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Figure 5. Arrival time delay between primary (Tp) and secondary waves (Ts) at each seismographic station surrounding Agung volcano. The x axis is the ID of detected events at each station. The ID consists of six digits character representing month, day, and hour of each event’s origin time.

Determining Initial Hypocenter Locations

To obtain a well-constrained hypocenter catalog, we determined the hypocenter locations of the seismic events preceding the 2017 Agung volcanic eruption in several sequential steps. First, the NonLinLoc program (Lomax et al., 2000, 2012; Lomax and Curtis, 2001; Lomax and Michelini, 2009) was used to determine the locations of the initial aftershocks. The 1D velocity model and station corrections were then updated to suit the local geological condition. Afterward, the relative relocation using the double-difference method was implemented to increase the accuracy of the obtained hypocenter.

In the first step, we used the initial 1-D seismic velocity model (Vp, Vs) from the tomography results of Central Java (Koulakov et al., 2009); hereafter known as the Kou09 model. The Kou09 model was selected because no velocity model of Agung region was available. Recently, Zulfakriza et al. (2020) performed an S-wave velocity inversion using ambient noise tomography called the Zul20 model. However, in their S-wave data inversion, the Vp/Vs ratio for each layer remained fixed, whereas the density was estimated from the P-wave velocity. This gave us a good variation of S-wave velocities in the region but might have failed to provide its absolute value. Compared to the Kou09 model, the Zul20 model showed around 50% lower S-wave velocity which would cause the located hypocenter almost twice deeper. Thus, we used the Zul20 model to constrain the distribution of correction stations determined in this study.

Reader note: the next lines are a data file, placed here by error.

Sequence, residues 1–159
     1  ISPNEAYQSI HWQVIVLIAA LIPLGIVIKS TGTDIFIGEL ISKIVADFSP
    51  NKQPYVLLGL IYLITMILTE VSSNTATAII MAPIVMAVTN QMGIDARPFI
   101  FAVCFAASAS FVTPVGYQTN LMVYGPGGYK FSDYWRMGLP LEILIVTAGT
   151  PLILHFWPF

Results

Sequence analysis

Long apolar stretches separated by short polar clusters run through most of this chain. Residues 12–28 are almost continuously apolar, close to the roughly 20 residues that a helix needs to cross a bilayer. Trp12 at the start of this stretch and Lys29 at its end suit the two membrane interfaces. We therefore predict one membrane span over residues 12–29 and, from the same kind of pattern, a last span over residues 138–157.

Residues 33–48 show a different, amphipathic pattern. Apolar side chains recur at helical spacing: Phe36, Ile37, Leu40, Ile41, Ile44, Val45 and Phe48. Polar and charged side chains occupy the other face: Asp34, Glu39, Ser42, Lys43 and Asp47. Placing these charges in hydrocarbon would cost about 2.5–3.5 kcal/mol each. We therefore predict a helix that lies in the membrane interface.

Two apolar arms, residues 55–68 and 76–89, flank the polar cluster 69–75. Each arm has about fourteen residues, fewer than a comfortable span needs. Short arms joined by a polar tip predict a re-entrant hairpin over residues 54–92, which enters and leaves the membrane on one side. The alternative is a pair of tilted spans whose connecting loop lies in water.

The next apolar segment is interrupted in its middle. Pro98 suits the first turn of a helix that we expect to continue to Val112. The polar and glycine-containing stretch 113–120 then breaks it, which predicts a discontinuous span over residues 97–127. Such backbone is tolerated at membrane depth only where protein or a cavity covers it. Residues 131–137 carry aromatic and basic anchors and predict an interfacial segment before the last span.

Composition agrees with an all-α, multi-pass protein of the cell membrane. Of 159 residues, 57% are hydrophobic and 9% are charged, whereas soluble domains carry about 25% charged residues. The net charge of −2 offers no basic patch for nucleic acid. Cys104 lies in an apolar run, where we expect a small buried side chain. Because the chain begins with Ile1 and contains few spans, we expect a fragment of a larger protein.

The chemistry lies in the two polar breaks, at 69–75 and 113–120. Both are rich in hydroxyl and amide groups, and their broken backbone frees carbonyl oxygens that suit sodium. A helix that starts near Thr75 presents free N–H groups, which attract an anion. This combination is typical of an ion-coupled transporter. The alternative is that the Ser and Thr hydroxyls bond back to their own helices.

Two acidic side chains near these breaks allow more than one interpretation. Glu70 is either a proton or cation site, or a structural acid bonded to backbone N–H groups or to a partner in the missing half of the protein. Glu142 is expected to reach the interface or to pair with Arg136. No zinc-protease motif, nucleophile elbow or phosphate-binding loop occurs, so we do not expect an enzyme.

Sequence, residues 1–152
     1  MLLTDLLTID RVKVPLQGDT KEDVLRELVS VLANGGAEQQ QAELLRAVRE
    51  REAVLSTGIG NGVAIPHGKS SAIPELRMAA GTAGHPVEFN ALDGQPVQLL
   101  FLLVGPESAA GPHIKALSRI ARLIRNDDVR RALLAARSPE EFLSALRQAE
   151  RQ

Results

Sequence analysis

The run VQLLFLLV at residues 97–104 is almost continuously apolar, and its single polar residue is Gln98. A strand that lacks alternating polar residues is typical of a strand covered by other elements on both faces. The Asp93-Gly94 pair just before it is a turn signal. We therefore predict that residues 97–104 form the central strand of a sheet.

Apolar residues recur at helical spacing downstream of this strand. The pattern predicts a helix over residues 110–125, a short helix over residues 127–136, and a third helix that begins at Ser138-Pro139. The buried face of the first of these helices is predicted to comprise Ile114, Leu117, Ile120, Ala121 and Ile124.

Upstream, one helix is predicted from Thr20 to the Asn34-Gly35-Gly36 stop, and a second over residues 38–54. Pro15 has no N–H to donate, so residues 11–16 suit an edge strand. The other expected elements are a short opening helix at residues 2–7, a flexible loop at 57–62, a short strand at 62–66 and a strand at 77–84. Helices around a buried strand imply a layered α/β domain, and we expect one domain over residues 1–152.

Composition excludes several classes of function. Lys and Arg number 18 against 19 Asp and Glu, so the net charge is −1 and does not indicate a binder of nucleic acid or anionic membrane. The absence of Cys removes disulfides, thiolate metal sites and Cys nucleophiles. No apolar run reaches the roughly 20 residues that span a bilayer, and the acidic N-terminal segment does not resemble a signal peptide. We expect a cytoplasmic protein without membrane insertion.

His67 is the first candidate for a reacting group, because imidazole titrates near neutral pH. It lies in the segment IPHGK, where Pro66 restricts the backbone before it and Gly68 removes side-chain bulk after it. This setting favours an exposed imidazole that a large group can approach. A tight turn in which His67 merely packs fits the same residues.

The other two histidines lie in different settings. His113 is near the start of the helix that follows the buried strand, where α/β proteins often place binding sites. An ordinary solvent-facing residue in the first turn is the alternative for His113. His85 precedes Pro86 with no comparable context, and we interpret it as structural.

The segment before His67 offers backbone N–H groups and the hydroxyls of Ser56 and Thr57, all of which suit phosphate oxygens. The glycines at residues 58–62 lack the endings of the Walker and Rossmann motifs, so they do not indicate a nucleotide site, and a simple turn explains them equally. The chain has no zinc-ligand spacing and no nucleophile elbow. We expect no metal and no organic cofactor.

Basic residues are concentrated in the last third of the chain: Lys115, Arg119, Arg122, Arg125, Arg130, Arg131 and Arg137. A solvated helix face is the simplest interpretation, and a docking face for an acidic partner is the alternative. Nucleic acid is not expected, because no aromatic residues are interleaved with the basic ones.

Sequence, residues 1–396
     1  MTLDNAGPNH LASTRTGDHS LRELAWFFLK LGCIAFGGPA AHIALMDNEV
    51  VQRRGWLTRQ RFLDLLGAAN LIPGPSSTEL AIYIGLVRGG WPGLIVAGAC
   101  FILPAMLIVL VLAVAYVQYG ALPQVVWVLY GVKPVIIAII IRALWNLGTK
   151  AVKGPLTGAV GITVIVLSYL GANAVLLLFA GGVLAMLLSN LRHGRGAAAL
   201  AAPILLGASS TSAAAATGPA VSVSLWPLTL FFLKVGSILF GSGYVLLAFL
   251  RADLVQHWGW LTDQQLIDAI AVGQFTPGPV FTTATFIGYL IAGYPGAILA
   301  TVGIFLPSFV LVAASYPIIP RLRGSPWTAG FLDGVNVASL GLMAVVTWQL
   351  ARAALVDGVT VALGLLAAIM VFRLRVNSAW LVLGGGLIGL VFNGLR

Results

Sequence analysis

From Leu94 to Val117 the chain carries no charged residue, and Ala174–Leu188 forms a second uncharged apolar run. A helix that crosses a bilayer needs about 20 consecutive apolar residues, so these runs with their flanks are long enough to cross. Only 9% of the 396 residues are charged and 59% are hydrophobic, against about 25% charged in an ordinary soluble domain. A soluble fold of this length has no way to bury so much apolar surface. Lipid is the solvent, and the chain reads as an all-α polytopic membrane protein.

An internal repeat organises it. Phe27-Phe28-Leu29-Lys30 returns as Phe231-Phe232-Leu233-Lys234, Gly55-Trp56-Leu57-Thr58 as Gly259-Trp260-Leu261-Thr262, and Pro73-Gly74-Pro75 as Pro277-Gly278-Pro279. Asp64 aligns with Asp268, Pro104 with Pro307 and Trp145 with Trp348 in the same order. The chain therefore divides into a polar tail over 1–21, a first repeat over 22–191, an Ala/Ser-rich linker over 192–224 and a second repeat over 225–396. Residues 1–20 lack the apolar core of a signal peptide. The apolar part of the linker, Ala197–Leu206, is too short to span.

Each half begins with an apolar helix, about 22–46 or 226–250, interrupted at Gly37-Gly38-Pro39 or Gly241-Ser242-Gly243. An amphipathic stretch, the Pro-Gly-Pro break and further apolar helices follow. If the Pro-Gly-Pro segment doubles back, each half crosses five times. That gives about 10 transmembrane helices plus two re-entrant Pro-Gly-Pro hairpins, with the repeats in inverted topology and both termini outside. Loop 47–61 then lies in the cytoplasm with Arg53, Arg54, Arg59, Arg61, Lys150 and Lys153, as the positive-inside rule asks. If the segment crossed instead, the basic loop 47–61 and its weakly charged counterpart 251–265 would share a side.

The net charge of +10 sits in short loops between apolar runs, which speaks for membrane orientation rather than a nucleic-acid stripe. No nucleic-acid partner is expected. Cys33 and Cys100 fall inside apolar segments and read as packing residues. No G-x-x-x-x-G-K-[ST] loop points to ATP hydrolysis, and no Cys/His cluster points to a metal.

The map view of the located VT events is presented in Figure 6. The location uncertainty was estimated for each event determined in this study. The locations of all 2726 located VT events are presented in Figure 6A. 2298 VT events had uncertainty lower than 5 km. The majority of the events with higher uncertainty were located outside the seismic network. Therefore, in this study, we only used the best-constrained events with location uncertainty less than 5 km. The residual travel times of the selected events range from −0.2 to 0.2 s (Figure 7A). Given the mean velocity is around 5 km/s (see Figure 8), the average uncertainty of the VT events is around 1 km. This value is considerably low for volcano monitoring.

FIGURE 6
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Figure 6. Map of epicenters of VT earthquakes preceding the 2017 Agung volcanic eruption. (A) Initial locations derived using a non-linear approach. (B) Updated epicenter distribution after updated 1D velocity model, and (C) after DD relocation. In (B) and (C) only events with uncertainty less than 5 km are shown. Purple and blue circles represent events during (October 2017) and after seismic crisis (November 2017), respectively.

FIGURE 7